How to Diagnose Starter Motor Problems

  • Check the battery: Before assuming the starter motor is the problem, check the battery. Make sure it’s fully charged and has no corrosion on the terminals. Using a battery with a small capacity or a poor state of charge will make the starter fail to reach the designed output power.
  • Listen for sounds: When you turn the key, listen for sounds coming from the engine. Listen to whether the starter gear pops up and the sound of running to confirm whether the electromagnetic switch and the armature are in action.And listen to whether the pop-up and running sound of the starter gear is normal, including: abnormal sound of flywheel damage, starter gear and internal damage; high noise during operation; sound of the starter not stopping working and rotating with the engine.
  • Inspect the wiring and voltage of the starter: Confirm that the S-terminal plug connecting the starter to the car starter switch has been inserted in place. Measure the voltage of terminal B of the starter, which should be consistent with the voltage of the battery.
  • Test the battery terminals for looseness and poor contact, check for broken lines and grounding conditions:

Poor wiring harness and wiring (wire harness grounding, wiring harness short circuit, loose and rusted wiring parts), the voltage applied to both ends of the starter is insufficient, and the starter works under low voltage for a long time.

  • Check the ignition key and protection relay for poor return and stuck conditions:When the ignition key returns automatically, measure the S terminal of the starter. If there is voltage at the S terminal, please check the ignition key and the protection relay. This situation will cause the starter to still be energized after the engine is started, so that the starter can not be disconnected from the flywheel of the engine, and the starter gear will be driven by the flywheel to rotate at high speed passively,and the starter gear will be damaged if it is energized for a long time.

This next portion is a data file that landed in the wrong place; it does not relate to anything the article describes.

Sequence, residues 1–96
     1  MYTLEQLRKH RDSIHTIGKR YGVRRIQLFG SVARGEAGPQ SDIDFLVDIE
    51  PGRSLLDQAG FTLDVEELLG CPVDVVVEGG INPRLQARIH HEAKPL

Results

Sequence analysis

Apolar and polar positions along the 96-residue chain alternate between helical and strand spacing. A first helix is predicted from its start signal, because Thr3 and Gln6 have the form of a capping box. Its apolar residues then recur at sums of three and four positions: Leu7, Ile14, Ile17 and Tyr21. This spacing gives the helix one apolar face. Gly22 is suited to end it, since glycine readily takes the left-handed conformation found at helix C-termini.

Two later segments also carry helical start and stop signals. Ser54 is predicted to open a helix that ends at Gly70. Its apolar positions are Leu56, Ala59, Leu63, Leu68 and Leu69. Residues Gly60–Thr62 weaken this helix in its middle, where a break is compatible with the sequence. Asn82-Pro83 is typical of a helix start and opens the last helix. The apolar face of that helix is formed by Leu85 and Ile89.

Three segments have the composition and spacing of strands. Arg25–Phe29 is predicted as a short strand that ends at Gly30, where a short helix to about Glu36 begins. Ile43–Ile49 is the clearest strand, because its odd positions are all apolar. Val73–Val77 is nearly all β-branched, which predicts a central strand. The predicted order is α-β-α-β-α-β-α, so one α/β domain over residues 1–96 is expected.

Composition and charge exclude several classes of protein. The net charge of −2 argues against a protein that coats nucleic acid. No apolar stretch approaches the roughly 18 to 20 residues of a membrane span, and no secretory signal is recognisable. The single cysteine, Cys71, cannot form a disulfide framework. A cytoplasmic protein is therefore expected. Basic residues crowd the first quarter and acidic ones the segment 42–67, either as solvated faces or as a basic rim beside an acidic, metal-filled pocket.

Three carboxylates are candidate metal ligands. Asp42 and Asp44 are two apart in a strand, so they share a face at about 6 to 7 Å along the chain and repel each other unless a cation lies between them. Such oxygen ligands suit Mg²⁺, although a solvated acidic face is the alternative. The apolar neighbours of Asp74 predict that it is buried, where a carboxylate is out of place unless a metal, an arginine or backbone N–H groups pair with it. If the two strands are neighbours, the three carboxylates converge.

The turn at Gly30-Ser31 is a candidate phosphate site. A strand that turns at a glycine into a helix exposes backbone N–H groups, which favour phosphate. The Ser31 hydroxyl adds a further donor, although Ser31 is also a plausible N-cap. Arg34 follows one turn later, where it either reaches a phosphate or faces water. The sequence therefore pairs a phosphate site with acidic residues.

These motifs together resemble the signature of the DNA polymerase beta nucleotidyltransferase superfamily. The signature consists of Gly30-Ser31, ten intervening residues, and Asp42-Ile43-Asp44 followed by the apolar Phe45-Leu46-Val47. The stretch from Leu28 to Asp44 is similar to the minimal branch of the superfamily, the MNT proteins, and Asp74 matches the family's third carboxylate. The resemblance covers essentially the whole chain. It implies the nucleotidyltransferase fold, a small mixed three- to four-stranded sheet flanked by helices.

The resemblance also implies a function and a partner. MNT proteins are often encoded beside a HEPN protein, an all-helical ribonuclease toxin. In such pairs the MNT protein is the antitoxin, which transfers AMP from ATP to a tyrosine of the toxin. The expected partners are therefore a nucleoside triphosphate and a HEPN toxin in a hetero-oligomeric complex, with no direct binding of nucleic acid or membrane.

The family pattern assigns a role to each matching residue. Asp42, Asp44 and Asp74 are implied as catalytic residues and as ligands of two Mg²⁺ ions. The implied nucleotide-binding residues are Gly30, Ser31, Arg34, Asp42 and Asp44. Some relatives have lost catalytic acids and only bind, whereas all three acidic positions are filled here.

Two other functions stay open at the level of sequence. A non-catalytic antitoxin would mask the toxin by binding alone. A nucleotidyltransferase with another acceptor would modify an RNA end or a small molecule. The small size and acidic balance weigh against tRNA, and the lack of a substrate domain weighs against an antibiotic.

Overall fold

• Check the oil viscosity: The engine is locked and the viscosity of the engine oil is high, which will cause a large starting resistance.
  • Seek professional help: If you’re unsure about any of the steps or don’t have the necessary tools, it’s best to seek professional help. A mechanic can diagnose the problem and recommend the best course of action.

Causes of Starter Motor Failure

Now that we are through some of the common symptoms of a faulty starter motor, let’s take a look at some of the most common causes and how to prevent them:
  1. Wear and Tear: The components of the starter motor can wear out over time, particularly the brushes. To prevent this, have your vehicle serviced regularly and replace worn components as needed.
  2. Faulty Wiring: Faulty wiring, such as loose or corroded connections, can prevent the starter motor from receiving the necessary electrical current. To prevent this, regularly inspect the wiring and connections and have any issues repaired promptly.
  3. Faulty Solenoid: The starter solenoid can fail, preventing the starter motor from engaging. To prevent this, have your vehicle serviced regularly and replace the solenoid as needed.
  4. Dead Battery: A dead or weak battery can cause the starter motor to fail. To prevent this, have your battery tested regularly and replace it if necessary. Additionally, ensure that all electrical components are turned off when the engine is not running to prevent unnecessary battery drain.
  5. Environmental Factors: Extreme temperatures, exposure to water or corrosive chemicals, and other environmental factors can cause starter motor failure. To prevent this, try to park your vehicle in a covered area or garage when possible, and avoid driving through deep water or other hazardous conditions.
By taking these steps, you can help prevent starter motor problems and ensure that your vehicle starts reliably every time. Regular maintenance and inspections can also catch any issues early, before they cause significant damage to the starter motor or other components.


Starter motor function is critical to the overall performance of a vehicle. After all, if you can’t start your car, what good is it? It’s important to stay on top of these issues and perform regular maintenance on your starter motor. If you suspect that your starter motor is malfunctioning, contact a professional to diagnose the problem.